[Posted by Karl]
Megan McArdle notes the problem faced by Car Dealer-In-Chief Obama:
The government is trying to get GM and Chrysler bondholders to take a hefty haircut on their debt rather than push the companies into bankruptcy. The problem is, it’s a terrible deal for the bondholders, and there’s no reason for them to do it…
The administration seems to be negotiating like a sovereign, which, of course, it is. But GM is not. Unlike Argentina, it can’t just default and flip off the bondholders. When it defaults, its creditors can put it into bankruptcy. The administration seems to be trying to prevent that in order to preserve stakeholder value–but the recovery in bankruptcy is essentially the floor of what the creditors will accept.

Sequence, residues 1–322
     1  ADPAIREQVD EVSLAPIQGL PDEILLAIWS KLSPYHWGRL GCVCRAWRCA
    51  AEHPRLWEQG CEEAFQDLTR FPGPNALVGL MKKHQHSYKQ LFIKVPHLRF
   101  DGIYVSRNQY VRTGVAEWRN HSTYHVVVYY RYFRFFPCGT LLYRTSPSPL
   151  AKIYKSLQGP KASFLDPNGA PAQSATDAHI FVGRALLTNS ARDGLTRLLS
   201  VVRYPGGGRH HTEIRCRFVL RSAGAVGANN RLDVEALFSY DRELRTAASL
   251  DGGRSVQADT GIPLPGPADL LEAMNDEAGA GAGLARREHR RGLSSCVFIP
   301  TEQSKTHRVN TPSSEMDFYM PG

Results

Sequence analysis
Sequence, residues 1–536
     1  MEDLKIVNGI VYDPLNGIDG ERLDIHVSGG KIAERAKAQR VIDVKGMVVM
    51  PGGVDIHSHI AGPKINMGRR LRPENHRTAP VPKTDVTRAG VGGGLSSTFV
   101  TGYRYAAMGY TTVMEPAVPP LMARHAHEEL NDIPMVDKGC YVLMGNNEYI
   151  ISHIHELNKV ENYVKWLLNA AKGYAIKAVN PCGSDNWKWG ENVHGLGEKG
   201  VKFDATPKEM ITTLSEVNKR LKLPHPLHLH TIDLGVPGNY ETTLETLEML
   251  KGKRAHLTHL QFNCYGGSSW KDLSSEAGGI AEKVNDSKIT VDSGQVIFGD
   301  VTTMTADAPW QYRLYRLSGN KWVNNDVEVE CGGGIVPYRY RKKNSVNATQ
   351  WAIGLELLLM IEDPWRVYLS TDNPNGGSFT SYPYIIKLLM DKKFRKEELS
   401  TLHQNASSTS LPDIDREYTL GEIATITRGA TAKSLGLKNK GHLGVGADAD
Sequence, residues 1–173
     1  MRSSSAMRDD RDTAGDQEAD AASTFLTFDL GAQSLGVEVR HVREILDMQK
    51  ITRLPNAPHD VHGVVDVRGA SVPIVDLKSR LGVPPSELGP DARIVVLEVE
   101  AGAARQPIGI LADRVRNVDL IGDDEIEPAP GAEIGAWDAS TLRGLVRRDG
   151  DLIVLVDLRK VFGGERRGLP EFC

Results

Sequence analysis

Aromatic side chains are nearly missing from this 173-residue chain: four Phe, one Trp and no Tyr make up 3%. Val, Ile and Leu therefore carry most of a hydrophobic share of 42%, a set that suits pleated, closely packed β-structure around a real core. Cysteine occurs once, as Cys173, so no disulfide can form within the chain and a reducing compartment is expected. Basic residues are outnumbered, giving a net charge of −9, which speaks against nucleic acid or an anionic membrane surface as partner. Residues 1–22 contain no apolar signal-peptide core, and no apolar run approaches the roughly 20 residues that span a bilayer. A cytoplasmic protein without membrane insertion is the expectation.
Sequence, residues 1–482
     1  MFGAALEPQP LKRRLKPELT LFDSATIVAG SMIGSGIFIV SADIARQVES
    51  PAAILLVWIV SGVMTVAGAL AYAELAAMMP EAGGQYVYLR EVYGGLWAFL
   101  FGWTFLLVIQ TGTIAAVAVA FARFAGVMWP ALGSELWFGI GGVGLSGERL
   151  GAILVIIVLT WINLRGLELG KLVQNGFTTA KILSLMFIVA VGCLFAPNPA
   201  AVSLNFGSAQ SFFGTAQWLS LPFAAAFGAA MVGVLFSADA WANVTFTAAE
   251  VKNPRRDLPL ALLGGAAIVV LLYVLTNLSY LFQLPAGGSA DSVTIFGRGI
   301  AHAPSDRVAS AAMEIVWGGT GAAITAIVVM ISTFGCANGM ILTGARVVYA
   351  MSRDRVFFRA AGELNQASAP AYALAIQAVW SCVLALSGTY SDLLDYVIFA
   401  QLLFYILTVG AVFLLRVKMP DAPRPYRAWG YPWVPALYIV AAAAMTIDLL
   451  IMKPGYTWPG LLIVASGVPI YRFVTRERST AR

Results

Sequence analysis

Or maybe this is all some elaborate Kabuki ritual, where the government pretends to be talking tough in order to placate Big Labor, while quietly waiting for the inevitable. Either way, it seems like a giant waste of time.
Actually, it’s more than Kabuki. Tom Maguire has noted that free riding GMAC bondholders have already made a lot of money betting that the “inevitable” is not — that when push comes to shove, the government will blink, as it already has twice with GM. Maguire also predicted the behavior that is confusing McArdle:
Obama is trying to extract concessions from General Motors bondholders, all of whom know that the free riders will pick up a windfall after Obama shocks everyone by deciding not to take GM into bankruptcy. The free riders could be controlled in bankruptcy, of course, but that won’t be happening. However, a lot of huffing and puffing has to take place over the next few months to scare some bond holders into submission somehow. Clearly, the ordinary Washington Kabuki won’t be enough – look for Super Kabuki!
McArdle may be underestimating the lengths to which the Obama Administration and a Democratic Congress will go to bail out the UAW and its electorally-important, white, blue-collar, workers in the swing states of the upper Midwest.